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Messages - loki13

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Politics and Law-Related News / Re: POTUS
« on: May 10, 2016, 07:44:25 AM »
As usual, you don't let pesky facts get in the way of your wishful thinking.

1) Polls indicate that Clinton will obliterate Trump in November. One poll, ONE, by Rasmussen shows Trump ahead by 2 points. Every other poll ever conducted shows Clinton ahead by as much as 13 points.

No matter how unpopular HRC is, Trump is doomed with women and minorities. He can't win without them, thus he can't win. You cannot provide data to refute that fact, can you?

2) Abedin has not even been questioned.
3) No date has been set for HRC to be questioned. You're making stuff up again.

Dude, he's always making stuff up. The only thing you know for sure is that if he says it, it will be wrong.

Source- a periodical.

Stop feeding the troll.

Studying for the LSAT / Re: LSAT Score Improvement
« on: May 02, 2016, 08:34:24 AM »

I just wanted to pose a question (which I'm sure has been asked a million times) as to how much you all were able to improve your LSAT scores from your first practice test to the real deal.

I finally made, and solidified the decision to attend law school, and decided it was time to begin prepping.
Tonight, I took my first "cold" test, without any preparation. I scored a 149. I realize this is not a score that will get me into Law School.

My question to you all, is what was your first score, and how much did you improve over the months between that test and the true LSAT? I'm shooting for no less than a 170 on my final LSAT Exam.

Let me start with the short, simple, easy-to-understand answer to your question. If you scored a 149 on your first practice test, then you will not score a 170 on your final LSAT exam. I would bet significant amounts of money on that. Now, allow me to provide the longer answer.

Is it possible? Sure, anything is *possible*. It is possible that you will win the powerball lottery tomorrow. But this type of thinking is a common fallacy with 0Ls (people before they go to Law School)- it's the old, "95% of incoming students think they will finish in the top 10% of the class."

A 170, percentile ranked, is over the 97th percentile. Which means that to score that, you are doing better than over 97% of all people taking the LSAT. Now, remember that this isn't the population at large- it's the test takers. The majority of people taking the LSAT are type-As, driven, did well in UG, and believe that getting an "A" in a class is their right as a human being.

The LSAT is, theoretically, an aptitude test. Does that mean that preparation doesn't matter? No. You can learn basic skills (how to take tests, how to manage your time, how the LSAT is scored). Certain sections (the analytical reasoning/logic games section) can see improvement by learning some techniques in dealing with a class of problems. But there are limits - because it's not like one of those AP tests, where you can just study the information and regurgitate it.

Circling back, you can improve. You will. But if 149 was your actual score on your first exam, then it would be unrealistic to believe that you will score a 170 with practice. But it's not impossible- just unlikely. And your improvement will also depend on what you are weakest at- reading comprehension tends to be hard to improve at, logic games can improve with practice.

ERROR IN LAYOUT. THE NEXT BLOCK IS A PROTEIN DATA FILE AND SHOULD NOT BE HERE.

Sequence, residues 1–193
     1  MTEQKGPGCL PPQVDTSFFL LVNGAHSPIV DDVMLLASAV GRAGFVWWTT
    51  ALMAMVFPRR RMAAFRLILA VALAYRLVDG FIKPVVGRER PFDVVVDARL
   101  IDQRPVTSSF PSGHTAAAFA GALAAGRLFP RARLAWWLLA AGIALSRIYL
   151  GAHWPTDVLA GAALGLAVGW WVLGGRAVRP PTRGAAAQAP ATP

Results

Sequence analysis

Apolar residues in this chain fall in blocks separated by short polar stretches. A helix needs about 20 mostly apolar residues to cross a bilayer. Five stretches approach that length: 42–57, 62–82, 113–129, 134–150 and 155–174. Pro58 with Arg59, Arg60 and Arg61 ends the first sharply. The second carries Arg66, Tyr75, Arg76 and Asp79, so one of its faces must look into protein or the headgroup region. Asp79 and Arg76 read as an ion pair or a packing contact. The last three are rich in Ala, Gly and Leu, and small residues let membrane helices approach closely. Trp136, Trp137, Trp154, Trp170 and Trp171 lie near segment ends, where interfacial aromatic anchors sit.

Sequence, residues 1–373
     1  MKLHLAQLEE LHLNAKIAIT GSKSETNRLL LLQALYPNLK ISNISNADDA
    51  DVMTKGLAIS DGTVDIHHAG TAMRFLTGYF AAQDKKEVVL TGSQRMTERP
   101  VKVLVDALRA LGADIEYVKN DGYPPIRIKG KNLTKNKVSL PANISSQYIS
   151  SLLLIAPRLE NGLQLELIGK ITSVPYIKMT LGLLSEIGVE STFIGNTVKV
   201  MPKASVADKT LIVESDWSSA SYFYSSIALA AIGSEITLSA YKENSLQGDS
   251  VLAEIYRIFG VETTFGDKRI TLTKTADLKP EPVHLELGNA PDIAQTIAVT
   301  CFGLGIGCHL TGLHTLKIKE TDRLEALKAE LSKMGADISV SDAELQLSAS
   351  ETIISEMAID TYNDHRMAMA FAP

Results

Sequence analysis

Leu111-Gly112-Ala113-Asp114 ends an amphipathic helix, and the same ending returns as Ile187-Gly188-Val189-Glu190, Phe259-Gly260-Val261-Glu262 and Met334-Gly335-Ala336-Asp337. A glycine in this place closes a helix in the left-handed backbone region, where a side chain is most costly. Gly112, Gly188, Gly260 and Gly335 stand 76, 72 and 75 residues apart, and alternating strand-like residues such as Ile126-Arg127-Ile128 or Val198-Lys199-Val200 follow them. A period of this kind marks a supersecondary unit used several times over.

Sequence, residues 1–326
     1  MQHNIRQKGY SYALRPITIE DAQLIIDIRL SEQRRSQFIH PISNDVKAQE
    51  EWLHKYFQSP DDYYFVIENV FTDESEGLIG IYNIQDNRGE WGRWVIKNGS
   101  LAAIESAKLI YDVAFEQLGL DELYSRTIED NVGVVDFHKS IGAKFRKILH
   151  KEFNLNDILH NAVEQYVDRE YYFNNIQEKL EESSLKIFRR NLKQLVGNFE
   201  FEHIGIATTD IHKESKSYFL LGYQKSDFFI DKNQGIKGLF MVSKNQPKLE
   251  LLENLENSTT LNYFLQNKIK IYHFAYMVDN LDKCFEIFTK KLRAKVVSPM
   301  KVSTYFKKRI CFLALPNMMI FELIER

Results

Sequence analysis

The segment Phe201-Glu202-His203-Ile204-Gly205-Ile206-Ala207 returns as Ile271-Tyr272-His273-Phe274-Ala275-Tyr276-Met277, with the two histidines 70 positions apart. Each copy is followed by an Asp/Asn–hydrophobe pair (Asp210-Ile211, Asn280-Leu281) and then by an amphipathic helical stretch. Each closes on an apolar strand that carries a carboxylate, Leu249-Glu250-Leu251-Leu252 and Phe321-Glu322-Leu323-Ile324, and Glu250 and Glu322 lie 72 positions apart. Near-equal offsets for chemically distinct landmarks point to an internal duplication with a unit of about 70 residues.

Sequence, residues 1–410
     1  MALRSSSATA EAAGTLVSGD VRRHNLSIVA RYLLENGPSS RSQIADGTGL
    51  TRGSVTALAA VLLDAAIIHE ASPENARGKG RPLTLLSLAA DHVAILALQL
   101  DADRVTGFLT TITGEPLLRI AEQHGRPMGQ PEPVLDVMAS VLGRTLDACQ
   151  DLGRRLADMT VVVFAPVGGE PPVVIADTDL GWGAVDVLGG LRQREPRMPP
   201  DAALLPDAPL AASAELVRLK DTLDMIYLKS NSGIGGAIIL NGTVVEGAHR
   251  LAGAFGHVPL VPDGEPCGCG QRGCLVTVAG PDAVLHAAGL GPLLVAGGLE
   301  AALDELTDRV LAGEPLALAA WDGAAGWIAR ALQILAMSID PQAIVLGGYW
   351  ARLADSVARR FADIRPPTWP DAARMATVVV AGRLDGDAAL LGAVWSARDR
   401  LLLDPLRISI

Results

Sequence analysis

It could also be that your first diagnostic wasn't representative of your ability.

I'm very sorry to say that-- at least in the case of the University of Florida Levin College of Law-- passaroa25 is correct: UF won't even consider the application of a formerly academically disqualified applicant. This remains the case EVEN THOUGH the ABA has completely waived any required waiting period before reapplication and simply requires the would-be second round law student to make "an affirmative showing" that they possess the requisite intellectual and academic skills to complete law school and contribute to the diversity, prestige, and talent pool of the class. Seems incredibly narrow-minded to me, but here's the rule. We don't have to like or even respect it (I'm glad to hear that Michigan is more open-minded toward second chances): "INELIGIBILITY FOR ADMISSION
Applicants who have attended another law school and are ineligible to return as a continuing student or are not in good standing (including, but not limited to, having been academically dismissed), are not eligible to apply to the Levin College of Law."

Holy thread necromancy!

Well, since this was brought up, individual law schools can, of course, have admissions requirements that are more restrictive than the ABA minimum. So the lesson, as always, is check with the school you will be applying at. It shouldn't be hard.

Regarding UF, it makes more explicit what is implicit at some other schools (cf. FSU - "Applicants must be in good standing at all institutions attended to be eligible for consideration."). The reason why the Florida schools, as opposed to some other schools, might have a more ... selective approach here is because Florida has one of the most demanding character and fitness (if not the most) applications in the nation. Seriously. I've gotten my bar license in multiple jursidictions, and while some jurisdictions are a rubber stamp, Florida is more like a proctological exam.

Politics and Law-Related News / Re: POTUS